Cooper Contracting Ltd v Lindsey: EAT gives guidance on mitigating loss
This case is really about principles that apply as part of the Tribunal process. But it’s useful to look at by way of being an explanation as to what an employer might do in circumstances where the employment relationship has ended in acrimonious circumstances.
Mr Lindsey was a carpenter who worked for Cooper Contracting until December 2013 when, the Tribunal found, he was unfairly dismissed.
Even though the employer was able to show the Tribunal that there were opportunities available for employed work at better money, the Tribunal allowed Mr Lindsey all of his losses up to the date of Tribunal and for three months into the future.
The employer appealed but the Employment Appeal Tribunal (EAT) agreed with the original Tribunal. Various important principles were set out as follows.
First, the burden of proof is on the wrongdoer – the employer. An individual doesn’t have to prove that he or she mitigated his or her loss.
The employer must prove that the Claimant acted unreasonably. One aspect of that evaluation will be the views and wishes of the Claimant.
Sometimes it will be reasonable for the employee to have taken a lower paid job, and the Tribunal must not be too critical of that decision.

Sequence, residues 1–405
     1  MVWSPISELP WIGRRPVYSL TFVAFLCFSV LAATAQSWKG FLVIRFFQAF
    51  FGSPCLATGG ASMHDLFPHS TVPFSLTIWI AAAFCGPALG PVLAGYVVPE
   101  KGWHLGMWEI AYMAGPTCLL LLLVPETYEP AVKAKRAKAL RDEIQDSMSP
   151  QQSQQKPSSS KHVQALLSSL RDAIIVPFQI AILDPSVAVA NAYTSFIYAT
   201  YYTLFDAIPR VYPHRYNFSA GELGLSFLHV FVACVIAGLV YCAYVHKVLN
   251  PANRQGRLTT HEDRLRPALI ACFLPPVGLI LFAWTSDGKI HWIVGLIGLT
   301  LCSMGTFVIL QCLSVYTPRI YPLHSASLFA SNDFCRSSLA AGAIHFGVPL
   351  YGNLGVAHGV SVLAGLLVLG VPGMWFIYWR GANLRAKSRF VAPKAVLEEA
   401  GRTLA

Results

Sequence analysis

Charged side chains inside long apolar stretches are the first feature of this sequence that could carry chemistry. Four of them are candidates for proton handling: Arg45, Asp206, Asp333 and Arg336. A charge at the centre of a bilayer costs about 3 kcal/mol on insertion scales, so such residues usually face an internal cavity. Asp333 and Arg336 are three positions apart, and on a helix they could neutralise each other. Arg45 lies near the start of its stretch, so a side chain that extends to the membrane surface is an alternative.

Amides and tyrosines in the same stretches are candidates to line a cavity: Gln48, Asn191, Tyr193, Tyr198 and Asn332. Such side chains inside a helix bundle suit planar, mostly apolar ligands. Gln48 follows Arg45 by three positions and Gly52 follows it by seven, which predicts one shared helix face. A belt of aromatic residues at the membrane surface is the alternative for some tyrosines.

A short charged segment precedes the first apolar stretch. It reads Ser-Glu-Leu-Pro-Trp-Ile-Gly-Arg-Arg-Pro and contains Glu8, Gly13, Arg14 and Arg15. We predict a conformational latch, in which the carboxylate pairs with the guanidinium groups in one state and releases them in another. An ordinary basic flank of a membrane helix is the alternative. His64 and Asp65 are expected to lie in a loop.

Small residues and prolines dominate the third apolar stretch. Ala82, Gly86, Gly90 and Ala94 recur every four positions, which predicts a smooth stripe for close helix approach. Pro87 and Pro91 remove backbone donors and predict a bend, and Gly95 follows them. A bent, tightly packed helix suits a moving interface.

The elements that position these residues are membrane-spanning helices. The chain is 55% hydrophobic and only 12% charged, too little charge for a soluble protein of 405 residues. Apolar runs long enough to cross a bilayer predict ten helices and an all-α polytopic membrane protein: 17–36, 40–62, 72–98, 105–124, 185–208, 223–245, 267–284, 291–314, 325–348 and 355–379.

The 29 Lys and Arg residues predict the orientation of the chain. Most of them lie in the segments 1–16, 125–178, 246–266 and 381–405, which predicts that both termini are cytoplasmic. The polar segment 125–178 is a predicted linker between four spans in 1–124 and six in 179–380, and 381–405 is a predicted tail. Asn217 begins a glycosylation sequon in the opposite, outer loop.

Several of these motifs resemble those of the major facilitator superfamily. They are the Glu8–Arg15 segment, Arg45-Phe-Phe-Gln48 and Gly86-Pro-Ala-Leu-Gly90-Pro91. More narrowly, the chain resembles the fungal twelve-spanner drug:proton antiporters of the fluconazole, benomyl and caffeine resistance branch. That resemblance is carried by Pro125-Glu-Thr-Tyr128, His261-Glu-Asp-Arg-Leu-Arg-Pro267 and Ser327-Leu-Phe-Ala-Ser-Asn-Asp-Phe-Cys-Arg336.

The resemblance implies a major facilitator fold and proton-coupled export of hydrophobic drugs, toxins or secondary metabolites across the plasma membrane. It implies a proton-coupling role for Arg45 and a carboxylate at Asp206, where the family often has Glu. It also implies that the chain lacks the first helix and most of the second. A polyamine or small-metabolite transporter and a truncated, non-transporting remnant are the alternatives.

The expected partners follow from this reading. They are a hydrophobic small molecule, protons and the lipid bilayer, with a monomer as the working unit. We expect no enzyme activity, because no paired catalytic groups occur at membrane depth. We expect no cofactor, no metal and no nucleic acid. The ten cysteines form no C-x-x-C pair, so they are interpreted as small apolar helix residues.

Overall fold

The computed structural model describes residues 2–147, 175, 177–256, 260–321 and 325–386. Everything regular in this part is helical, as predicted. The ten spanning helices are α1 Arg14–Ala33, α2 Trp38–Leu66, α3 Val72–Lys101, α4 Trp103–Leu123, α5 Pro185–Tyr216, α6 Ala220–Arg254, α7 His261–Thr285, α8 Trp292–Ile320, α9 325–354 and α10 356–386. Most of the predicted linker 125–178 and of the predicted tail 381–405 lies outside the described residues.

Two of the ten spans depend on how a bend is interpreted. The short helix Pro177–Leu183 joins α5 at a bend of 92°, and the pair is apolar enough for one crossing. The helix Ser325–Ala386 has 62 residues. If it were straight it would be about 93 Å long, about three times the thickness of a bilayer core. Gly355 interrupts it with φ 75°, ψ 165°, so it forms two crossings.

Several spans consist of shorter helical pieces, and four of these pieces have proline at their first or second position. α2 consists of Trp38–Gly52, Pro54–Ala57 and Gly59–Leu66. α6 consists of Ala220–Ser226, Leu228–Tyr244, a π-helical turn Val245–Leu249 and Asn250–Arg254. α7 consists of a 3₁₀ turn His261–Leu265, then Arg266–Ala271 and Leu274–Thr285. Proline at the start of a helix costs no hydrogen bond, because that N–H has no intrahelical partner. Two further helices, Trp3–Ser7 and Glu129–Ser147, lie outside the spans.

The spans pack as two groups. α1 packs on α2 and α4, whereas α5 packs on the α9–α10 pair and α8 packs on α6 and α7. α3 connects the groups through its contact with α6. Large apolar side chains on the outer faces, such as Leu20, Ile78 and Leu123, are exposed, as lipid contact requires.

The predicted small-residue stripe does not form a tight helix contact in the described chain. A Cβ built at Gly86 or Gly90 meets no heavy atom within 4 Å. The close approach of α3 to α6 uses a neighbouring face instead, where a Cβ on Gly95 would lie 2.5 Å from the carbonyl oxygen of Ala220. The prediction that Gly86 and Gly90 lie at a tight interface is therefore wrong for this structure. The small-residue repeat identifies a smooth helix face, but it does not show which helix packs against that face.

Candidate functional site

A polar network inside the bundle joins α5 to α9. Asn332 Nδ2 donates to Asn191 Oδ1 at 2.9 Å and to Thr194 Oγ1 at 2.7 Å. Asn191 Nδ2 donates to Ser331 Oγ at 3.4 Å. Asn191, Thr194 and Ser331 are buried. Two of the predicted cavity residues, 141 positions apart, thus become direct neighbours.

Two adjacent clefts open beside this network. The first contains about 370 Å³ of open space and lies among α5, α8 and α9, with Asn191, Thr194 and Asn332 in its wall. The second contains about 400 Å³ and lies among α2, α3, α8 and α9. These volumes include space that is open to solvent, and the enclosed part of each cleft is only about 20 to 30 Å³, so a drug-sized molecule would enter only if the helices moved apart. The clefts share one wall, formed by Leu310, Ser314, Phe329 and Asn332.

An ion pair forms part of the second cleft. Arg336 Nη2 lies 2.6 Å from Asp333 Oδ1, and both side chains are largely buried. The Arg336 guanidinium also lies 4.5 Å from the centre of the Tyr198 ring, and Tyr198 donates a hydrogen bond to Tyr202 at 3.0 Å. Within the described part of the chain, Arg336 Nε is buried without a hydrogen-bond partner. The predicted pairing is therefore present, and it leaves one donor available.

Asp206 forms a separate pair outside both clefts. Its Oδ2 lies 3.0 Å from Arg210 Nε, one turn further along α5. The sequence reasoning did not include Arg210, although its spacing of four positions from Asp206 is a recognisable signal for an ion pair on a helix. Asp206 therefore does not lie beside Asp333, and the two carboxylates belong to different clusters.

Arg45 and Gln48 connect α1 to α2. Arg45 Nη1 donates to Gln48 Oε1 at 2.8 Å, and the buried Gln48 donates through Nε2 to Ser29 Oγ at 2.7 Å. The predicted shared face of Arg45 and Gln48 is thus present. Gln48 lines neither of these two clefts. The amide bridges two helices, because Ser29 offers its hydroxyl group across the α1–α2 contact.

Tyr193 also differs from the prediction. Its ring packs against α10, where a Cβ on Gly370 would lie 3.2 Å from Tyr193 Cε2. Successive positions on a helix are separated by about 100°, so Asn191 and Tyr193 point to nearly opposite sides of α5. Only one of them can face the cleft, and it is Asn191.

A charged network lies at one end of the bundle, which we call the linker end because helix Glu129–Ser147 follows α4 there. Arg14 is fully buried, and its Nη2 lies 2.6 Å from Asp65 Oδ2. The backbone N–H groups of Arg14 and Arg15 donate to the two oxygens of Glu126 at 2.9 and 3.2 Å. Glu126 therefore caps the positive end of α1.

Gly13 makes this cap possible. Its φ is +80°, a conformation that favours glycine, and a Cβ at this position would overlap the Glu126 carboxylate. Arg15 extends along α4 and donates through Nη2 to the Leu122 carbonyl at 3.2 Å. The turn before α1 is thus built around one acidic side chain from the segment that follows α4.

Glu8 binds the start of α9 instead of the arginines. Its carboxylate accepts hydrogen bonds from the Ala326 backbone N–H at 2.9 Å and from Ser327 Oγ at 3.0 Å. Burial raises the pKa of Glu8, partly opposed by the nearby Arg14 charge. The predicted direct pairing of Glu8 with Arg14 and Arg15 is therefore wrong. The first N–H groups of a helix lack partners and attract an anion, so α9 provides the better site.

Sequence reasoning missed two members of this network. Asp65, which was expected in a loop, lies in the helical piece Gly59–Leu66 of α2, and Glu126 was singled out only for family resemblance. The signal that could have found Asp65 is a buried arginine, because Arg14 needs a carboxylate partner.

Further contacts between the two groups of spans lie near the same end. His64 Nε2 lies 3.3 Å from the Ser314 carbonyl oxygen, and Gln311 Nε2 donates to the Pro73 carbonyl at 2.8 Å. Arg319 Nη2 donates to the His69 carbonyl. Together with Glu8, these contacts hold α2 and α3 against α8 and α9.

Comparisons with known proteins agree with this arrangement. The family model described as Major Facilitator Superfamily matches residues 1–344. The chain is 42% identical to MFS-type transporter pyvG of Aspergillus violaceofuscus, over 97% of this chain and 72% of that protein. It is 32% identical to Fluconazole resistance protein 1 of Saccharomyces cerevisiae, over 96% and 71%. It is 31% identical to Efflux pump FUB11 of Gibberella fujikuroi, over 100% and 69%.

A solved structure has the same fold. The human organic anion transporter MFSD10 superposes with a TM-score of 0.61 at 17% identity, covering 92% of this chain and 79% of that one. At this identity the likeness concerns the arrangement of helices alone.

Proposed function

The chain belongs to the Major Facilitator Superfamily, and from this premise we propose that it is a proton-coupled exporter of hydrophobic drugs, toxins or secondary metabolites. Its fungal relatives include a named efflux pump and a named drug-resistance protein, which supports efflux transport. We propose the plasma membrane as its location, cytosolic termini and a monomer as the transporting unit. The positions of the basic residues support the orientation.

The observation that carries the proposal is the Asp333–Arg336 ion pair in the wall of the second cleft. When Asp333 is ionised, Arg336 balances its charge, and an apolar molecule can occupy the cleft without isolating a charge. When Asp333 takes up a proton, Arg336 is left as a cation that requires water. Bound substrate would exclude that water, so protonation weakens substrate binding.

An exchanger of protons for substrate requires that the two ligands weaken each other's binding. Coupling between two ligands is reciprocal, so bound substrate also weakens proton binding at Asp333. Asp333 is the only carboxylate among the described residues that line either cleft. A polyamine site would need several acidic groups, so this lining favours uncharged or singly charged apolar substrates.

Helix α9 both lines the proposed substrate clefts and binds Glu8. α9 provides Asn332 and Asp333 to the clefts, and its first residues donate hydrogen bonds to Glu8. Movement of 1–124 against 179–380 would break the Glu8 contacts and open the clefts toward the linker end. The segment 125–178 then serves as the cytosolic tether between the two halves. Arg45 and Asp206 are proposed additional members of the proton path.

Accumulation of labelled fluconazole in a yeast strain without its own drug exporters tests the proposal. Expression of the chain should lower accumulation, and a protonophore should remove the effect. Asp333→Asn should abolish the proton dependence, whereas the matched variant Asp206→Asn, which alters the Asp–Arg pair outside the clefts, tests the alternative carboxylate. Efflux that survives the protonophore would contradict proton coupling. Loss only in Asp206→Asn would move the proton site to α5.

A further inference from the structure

Ultimately, it all comes back to the fact that if the employer is responsible for unlawfully putting him out of work in the first place then various unpalatable consequences are always going to potentially arise from that.
What this means for you
If you have a situation where you think you might be liable for a dismissal, it’s always worth doing your research from day one.
This includes checking local press and websites as well as any specialist trade publications.
The more information you can put before a Tribunal, the better your chances of persuading them there has been a failure to mitigate. Although this case is proof that you’ll need to work really hard to do that.
Having said that, evidence of failure to mitigate can, when served on the other side, pay dividends by way of forcing an early and more favourable settlement.
In short, it’s always worth doing but should be approached from day one and the research should be as comprehensive as possible.
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